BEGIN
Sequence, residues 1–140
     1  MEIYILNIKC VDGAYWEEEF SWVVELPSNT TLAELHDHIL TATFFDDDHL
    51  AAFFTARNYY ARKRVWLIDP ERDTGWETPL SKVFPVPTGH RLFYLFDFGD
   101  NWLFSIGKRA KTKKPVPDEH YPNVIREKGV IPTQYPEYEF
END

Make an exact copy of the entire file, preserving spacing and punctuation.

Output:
Sequence, residues 1–140
     1  MEIYILNIKC VDGAYWEEEF SWVVELPSNT TLAELHDHIL TATFFDDDHL
    51  AAFFTARNYY ARKRVWLIDP ERDTGWETPL SKVFPVPTGH RLFYLFDFGD
   101  NWLFSIGKRA KTKKPVPDEH YPNVIREKGV IPTQYPEYEF